The Entertainment Technology Center @ USC’s (ETC) short film “Ripple Effect” demonstrates how Previz, Techviz and Safetyviz can help limit crew and cast to create a safer working environment. Recorded during NAB Show’s summer 2020 Collectively Speaking event, join in to see the advanced techniques implemented during the film’s production, then stay for a recorded Q&A to hear from key players on how it affected production. ETC leveraged virtual production, LED volume and advanced game engine techniques implemented during the film’s production, including visualizing COVID-19 safety narratives for production teams.
What new technologies can be developed — and what existing technologies can be utilized — to create a safer production environment?
With the show-and-tell session “In Harm’s Way: Using Safetyviz to Mitigate Onset Liability,” the team behind the short film “Ripple Effect” demonstrated how it’s possible to use a combination of processes and products for the safest possible production.
Facilitated by Erik Weaver, Director of Adaptive Production and Special Projects at the Entertainment Technology Center @ USC (ETC) , the conversation focused on the proof-of-concept “Ripple Effect,” a project that utilized everything from Safetyviz, a software developed by DigitalFilm Tree, to a spreadsheet that compiled 309 control practices from around the globe to a device called Set Buddy that alerts cast and crew when they’re closer than six feet to those outside their designated “pods.”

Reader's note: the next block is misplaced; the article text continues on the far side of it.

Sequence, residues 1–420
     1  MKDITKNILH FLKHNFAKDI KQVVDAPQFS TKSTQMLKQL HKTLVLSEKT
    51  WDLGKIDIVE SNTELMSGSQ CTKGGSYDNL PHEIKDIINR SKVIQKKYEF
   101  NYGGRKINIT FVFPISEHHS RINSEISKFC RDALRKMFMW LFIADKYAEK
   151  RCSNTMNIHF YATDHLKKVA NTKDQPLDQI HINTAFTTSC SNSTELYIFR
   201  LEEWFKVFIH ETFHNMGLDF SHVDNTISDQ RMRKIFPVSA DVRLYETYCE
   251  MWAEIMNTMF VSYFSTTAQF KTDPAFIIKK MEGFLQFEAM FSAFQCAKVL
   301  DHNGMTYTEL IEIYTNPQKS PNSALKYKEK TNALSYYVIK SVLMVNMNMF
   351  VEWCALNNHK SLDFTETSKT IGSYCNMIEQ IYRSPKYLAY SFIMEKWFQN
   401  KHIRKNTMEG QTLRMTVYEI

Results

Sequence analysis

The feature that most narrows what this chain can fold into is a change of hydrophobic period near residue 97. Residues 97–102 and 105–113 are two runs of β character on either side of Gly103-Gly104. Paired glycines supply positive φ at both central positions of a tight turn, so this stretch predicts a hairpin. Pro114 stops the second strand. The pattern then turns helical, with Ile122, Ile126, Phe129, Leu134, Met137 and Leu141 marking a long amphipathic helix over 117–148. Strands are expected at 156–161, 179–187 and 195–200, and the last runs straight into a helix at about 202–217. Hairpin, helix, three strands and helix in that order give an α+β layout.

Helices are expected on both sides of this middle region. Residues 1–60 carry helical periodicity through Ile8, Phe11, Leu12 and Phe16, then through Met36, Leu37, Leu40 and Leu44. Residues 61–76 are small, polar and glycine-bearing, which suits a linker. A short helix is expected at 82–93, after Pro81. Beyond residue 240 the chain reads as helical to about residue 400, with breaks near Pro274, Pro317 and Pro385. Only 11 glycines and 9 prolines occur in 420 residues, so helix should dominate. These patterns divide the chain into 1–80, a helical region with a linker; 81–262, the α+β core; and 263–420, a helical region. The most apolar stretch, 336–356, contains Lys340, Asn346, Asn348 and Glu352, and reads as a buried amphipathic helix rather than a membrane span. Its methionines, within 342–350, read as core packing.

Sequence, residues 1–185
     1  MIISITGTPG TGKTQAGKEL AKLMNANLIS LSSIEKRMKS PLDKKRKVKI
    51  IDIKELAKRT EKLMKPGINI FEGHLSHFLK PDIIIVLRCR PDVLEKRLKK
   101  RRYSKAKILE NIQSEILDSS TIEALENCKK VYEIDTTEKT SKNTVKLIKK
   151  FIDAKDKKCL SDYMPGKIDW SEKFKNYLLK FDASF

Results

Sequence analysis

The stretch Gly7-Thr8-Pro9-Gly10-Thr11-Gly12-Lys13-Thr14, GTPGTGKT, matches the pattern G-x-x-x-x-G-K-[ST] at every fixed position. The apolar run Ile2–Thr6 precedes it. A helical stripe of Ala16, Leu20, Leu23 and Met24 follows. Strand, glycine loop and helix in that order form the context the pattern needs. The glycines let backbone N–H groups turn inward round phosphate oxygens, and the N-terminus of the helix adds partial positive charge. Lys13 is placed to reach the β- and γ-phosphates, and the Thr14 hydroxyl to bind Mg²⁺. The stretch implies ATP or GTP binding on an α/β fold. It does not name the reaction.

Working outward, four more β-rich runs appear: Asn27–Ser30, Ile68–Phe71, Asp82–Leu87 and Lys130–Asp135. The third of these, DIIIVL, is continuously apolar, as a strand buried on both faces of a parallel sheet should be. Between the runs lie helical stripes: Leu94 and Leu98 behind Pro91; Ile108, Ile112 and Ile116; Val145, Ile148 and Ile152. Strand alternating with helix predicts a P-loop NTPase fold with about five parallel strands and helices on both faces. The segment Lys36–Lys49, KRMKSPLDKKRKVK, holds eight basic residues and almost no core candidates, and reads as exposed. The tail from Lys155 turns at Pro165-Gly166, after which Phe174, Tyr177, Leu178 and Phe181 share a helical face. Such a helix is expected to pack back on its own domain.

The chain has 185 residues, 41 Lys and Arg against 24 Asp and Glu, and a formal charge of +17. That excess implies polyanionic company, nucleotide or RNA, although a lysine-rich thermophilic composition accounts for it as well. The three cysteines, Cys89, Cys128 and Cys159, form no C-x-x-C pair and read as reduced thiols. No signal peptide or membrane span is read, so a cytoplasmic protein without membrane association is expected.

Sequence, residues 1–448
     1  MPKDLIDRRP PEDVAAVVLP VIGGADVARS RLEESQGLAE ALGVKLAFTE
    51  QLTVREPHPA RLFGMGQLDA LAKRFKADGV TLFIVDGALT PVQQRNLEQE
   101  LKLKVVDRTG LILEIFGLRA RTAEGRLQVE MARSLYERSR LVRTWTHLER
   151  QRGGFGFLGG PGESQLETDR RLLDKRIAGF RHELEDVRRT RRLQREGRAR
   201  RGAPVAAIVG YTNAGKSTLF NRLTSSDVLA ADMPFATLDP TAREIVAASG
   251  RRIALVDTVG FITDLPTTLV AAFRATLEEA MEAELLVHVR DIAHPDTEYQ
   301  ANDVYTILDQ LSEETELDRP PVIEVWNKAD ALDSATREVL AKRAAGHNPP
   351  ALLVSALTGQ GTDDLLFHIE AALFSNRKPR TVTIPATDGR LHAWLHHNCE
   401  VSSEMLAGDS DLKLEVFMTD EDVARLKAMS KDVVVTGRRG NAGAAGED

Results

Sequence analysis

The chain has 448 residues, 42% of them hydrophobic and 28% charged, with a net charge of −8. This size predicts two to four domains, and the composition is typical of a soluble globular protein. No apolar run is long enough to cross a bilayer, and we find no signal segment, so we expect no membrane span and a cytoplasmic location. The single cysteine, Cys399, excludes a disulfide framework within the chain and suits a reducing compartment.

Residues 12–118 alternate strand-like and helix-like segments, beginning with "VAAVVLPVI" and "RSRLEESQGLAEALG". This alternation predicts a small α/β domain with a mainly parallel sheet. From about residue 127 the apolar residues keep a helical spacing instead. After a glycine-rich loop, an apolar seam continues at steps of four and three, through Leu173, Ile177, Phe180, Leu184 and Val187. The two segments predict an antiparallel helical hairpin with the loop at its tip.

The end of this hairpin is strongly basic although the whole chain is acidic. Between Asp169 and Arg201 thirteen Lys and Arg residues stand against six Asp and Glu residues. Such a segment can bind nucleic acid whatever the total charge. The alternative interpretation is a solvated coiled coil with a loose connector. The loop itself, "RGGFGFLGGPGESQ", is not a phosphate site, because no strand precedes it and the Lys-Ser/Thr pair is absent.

Partnered with Virtual Wonders and DigitalFilm Tree, ETC collaborated with ICVR to create a LIDAR scan of the entire set for “Ripple Effect.” The scans were then fed into a gaming engine at Cinecode to create a 3D model with accurate dimensions. Using this model, DigitalFilm Tree founder and CEO Ramy Katrib explains, the production “could visualize physical movement between objects, humans, departments, and equipment.” DigitalFilm Tree then applied what they call “Safety Narratives,” walkthroughs of these LIDAR-scanned locations that follow cast or crew members through their process on-set, to these models and review them with the film’s safety officer.
On set, safety precautions included daily monitoring and screenings, PPE, contact tracing, hand-washing stations, meals outside, and individually wrapped snacks at crafts services. Even with this careful planning, it was still a challenge “translating protocols into practice,” explains Catherine Shin of the USC Chan Division of Occupational Science and Occupational Therapy. She worked on set “keeping everybody mindful of the safety protocols and social distancing” as the crew acclimated to these new processes.
ETC Special Projects
Entertainment Technology Center @ USC
CEO & Co-founder
Creative Technologist, ASC Motion Imaging Technology Council Chair
Head of Post and Production Technologies, “Ripple Effect”
Freelance Creative/Line Producer
Key COVID Production Strategist
Catherine H.M. Shin
OTR/L, MBA, AMPS, CEAS, Doctoral Resident, Occupational Science Dissemination and Translation Initiative
USC Chan Division of Occupational Science and Occupational Therapy